Environmental Committee of Parliament to discuss detailed provisions of the draft Law. The mood was
        professional and collaborative, and several Deputies remarked that they were impressed with the NGOs’
        preparedness for the event. A number of NGO proposals were incorporated into the final Law.


       The EPAC program's value and success must be recognized across several different SOs and funding
        structured accordingly. Many of the EPAC cases and other programs specifically involve local
        government units, or contribute directly to civil society objectives. However, these other SO units typically
        have neither contributed to the EPAC program nor acknowledged its successes. The EPACs should also
        receive credit for their anti-corruption efforts, which lie at the core of the majority of their cases.

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       Funders must support other EPAC activities that contribute to effective advocacy. When funding an
        EPAC, it is not enough to support the salaries of lawyers who are bringing cases to court. Effective
        advocacy requires the development of a competent judiciary, an NGO community and citizenry that
        understand their rights, and a culture of governmental transparency. To this end, other EPAC activities,
        such as convening public hearings, publishing information about public rights, and particularly judicial
        training, must be incorporated into an EPAC portfolio.

       From the EPAC’s inception, it is essential to work with it on NGO capacity issues. In the quest for
        advocacy results, it may be tempting to structure funding and technical assistance to an EPAC so as to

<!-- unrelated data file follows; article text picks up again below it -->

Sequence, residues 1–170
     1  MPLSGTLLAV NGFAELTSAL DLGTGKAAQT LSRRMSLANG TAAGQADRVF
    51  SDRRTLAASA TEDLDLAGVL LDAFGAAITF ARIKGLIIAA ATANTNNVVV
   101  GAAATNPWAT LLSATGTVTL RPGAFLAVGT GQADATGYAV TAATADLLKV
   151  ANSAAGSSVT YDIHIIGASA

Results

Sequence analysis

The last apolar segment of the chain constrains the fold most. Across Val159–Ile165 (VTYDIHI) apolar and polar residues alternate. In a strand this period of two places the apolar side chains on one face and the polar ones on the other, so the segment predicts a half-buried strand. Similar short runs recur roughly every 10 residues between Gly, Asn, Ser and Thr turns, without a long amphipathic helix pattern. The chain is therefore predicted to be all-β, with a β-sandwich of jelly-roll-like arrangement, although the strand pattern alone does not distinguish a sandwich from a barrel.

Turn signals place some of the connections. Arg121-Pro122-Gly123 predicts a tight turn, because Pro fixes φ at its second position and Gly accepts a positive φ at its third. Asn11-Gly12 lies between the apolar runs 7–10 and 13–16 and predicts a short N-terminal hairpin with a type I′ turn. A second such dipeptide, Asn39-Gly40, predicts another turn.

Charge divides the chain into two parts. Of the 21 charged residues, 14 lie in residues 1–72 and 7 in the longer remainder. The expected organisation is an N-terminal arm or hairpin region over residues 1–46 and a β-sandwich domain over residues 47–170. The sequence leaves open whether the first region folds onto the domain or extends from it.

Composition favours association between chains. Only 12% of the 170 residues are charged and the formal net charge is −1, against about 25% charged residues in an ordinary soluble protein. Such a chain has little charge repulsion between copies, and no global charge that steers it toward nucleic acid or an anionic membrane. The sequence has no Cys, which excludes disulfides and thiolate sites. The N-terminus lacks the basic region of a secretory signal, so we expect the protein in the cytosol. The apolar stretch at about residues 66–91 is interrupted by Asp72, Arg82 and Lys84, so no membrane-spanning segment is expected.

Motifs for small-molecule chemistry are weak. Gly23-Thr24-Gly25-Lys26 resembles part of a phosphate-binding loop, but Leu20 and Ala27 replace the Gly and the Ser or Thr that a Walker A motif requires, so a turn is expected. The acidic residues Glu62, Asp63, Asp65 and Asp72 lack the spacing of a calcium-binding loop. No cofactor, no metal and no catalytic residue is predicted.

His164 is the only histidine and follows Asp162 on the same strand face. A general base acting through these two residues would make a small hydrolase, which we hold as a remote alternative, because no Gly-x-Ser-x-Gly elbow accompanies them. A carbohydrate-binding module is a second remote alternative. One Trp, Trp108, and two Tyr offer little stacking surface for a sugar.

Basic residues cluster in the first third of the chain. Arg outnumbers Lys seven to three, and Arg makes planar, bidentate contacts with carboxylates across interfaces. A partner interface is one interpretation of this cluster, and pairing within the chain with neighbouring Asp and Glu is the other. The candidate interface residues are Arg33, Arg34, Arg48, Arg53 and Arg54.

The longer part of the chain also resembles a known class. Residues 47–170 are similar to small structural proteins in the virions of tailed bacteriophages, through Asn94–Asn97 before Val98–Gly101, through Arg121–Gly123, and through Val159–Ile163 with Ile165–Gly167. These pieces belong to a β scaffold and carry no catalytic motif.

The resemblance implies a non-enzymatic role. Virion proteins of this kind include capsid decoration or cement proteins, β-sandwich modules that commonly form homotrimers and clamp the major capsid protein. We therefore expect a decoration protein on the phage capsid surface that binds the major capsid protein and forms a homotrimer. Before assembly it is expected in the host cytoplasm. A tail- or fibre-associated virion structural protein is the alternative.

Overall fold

enable it to pursue its case and consultation work to the greatest extent possible. This may lead to the
        precarious situation in which the EPAC becomes highly effective in its advocacy work, but
        underdeveloped in essential long-term skills such as fundraising, organizational management and
        financial planning.

       Funding levels should be moderated to ensure long-term organizational health. EPACs are inexpensive
        for the quality of results they produce. While generous funding may thus be possible, it is important not to
        fund the organization too well for its own long-term well being. In addition to potentially creating a sense
        of entitlement and unrealistic funding expectations within the EPAC, overly generous funding carries the
        risk of transforming formerly poorly funded NGO activists into highly skilled but less passionate
        professionals who are more likely to "jump ship" during funding contractions.

       When measuring EPAC results, due credit must be given to the different types of cases and consultations
        undertaken. In those countries where the judicial system is sufficiently operational to obtain favorable
        court decisions, it may be tempting to measure the EPACs' successes merely in terms of numbers of
        cases and consultations conducted periodically. However, some EPAC cases are extremely difficult and
        time-consuming and can last a number of years and involving large numbers of plaintiffs. Complex
        consultations also can take several months to resolve. Nonetheless, these complicated undertakings are
        often the most significant in terms of their value in setting precedents, their potential for publicity and their
        impact on governmental transparency. Advocacy is not a game of numbers, and an EPAC should not be
        pressured to "produce numbers" to the point that it no longer pursues the projects with the greatest
        potential impact.

       Measurement of EPAC results should also acknowledge the broad range of activities an EPAC
        undertakes, and be realistic on a country-by-country basis. An EPAC's success should be measured on
        the basis of a variety of activities. In some countries, courtroom advocacy is ineffective due to weak
        judicial capacity or local norms. In these situations, it may be more effective and culturally appropriate to